An open laptop on a plane with view of mountains

4 Myths about living a location independent lifestyle

The COVID-19 pandemic completely up-ended the way we work now, with many of us forced into near stir-crazy situations as we work, rest, and play all within the confines of our four walls.

But for some, working-from-home was not such a strain.  Rather it was a sweet reminder that we don’t have to be tied to the office to get our work done. And, surely, if we have to work from home indefinitely can’t that “home” be somewhere exotic?

Truth be told, the location-independent lifestyle has never been so easily within reach as it is now. But even if you’re thinking of getting the heck out of lockdown hell to build a life on the road, make sure you’re clued into the realities of what to expect and what – in these trying times – is actually possible.   

Myth no.1: – As long as I have my mask and my MacBook – I can work anywhere

The above sentence may have been true in a pre-pandemic world. But while border restrictions, particularly in Europe, were relaxed over the summer, many countries have since tightened up travel rules and are refusing entry to folk coming in from hotspots.  

Every week, the European Centre for Disease Prevention and Control updates a map of destinations that are subject or not to a travel ban or quarantine obligation. Use this map to help you determine the locations you plan to land in.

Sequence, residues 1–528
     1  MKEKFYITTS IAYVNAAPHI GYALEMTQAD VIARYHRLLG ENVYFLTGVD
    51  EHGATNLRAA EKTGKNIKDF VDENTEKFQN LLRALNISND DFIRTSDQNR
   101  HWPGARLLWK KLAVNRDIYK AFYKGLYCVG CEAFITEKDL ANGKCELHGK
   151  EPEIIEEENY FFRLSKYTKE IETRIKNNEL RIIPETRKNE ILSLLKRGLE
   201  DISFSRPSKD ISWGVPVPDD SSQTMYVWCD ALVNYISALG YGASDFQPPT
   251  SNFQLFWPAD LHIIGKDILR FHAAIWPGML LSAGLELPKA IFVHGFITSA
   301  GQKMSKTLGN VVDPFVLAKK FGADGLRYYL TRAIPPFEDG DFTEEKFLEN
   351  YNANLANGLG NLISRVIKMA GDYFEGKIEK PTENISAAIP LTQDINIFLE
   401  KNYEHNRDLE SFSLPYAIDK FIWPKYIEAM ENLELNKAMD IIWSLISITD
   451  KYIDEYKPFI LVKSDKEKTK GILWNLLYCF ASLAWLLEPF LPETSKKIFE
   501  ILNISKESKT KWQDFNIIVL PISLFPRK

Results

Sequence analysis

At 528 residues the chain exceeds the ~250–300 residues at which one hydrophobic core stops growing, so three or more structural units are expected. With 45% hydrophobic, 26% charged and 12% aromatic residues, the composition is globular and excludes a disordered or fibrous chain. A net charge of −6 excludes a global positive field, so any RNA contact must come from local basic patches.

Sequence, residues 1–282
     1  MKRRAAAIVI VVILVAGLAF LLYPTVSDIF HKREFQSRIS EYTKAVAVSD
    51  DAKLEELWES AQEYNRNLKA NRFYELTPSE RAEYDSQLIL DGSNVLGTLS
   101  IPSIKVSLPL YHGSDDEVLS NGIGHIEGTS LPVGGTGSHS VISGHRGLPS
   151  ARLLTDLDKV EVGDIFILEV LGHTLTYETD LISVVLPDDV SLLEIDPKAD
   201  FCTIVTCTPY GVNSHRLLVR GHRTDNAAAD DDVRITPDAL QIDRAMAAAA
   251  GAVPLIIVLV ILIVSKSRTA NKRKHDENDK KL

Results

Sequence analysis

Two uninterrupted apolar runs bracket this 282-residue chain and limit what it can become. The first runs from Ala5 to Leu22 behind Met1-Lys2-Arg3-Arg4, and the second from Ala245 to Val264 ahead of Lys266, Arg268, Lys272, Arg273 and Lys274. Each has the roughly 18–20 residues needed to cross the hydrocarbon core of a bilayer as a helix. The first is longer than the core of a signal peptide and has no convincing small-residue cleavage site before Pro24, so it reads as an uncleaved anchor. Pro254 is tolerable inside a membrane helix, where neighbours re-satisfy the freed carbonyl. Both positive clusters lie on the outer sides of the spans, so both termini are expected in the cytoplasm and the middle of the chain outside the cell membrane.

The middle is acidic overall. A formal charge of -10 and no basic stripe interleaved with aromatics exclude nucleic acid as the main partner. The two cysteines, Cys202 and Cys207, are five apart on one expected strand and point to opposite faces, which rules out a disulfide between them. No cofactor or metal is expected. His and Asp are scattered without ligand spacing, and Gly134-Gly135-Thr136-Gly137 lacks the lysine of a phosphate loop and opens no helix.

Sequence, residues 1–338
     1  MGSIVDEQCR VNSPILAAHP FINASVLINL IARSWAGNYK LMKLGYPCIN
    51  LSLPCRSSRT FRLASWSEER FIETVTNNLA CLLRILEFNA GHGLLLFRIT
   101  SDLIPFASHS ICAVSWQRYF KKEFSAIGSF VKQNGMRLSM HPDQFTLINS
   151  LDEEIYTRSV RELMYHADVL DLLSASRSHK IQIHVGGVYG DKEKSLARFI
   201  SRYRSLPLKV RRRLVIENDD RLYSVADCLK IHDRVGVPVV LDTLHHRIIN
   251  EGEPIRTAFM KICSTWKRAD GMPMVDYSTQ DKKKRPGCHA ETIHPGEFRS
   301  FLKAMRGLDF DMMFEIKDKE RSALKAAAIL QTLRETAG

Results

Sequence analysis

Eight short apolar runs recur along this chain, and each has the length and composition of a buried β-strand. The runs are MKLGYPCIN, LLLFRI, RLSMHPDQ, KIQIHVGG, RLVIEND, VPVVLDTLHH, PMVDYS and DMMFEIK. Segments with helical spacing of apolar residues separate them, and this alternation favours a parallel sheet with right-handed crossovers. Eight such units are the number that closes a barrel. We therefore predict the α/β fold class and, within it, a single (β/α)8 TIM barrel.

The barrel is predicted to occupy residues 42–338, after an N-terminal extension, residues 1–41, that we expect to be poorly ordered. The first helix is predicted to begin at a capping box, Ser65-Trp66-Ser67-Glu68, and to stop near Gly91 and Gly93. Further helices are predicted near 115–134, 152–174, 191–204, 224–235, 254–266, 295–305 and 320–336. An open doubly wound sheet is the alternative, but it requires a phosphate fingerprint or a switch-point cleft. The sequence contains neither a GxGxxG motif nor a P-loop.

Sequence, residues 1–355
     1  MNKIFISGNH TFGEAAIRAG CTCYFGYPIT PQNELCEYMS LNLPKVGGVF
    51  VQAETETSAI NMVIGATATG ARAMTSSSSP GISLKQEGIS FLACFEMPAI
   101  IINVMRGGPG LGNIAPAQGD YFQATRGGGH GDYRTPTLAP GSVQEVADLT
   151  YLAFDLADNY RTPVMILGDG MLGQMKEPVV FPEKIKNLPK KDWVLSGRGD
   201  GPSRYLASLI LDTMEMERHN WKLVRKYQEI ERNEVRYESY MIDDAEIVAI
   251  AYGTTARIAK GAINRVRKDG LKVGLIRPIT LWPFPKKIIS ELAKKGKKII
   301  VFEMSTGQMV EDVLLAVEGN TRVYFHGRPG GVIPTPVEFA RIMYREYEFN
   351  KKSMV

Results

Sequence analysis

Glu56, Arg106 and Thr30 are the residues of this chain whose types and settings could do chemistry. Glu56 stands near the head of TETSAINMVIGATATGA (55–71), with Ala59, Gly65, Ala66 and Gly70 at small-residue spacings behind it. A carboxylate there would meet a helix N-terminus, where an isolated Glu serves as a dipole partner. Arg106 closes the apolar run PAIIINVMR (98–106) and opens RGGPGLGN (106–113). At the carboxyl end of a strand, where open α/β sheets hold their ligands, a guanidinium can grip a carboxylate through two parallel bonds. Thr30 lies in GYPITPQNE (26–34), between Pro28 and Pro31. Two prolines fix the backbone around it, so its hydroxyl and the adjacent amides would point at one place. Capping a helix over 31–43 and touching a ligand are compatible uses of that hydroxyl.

Many workers also believe that because they can’t work at their designated office desk it doesn’t matter whether their new workstation is their current kitchen table or a hotel balcony in Corfu. However, some companies may be obligated to pay different taxes if their workers are based abroad so check in with your boss or HR department and let them know your plans before you start packing your suitcase.

It’s important to realise that nomadic living doesn’t mean not working. (Unless, of course, you want it to and then, by all means, enjoy living in a tent with berries again for supper!)

So, if you don’t have a current job, ensure you know how you’re planning to earn your cash before you hit the road. If you’re setting up your own business, have paying projects and clients already organised before you even get on a plane.

Myth no. 2: Money’s no worry …for a digital nomad

Without regular rent, utility bills and daily commutes to your job (if you were doing that), you may be under the impression that life on the road is as cheap as chips. It certainly may be less expensive than what you’re used to, but even cut-price chips will come with a side order of inter-city travel, accommodation and general living expenses.

It’s therefore important to calculate monthly overheads for whichever city you plan to stay and work in, and to build a backup budget for any unseen costs.

If you’re keeping your options open with regards to countries on your bucket list, you can always use the Numbeo website to check and compare the cheapest cities to live in and start out there first – border restrictions permitting.

Myth no.3: Life’s a beach

Another misconception of the location-independent lifestyle is that working is an addendum to the main business of city-hopping and sightseeing. Unless you are already financially independent, this is dangerously untrue.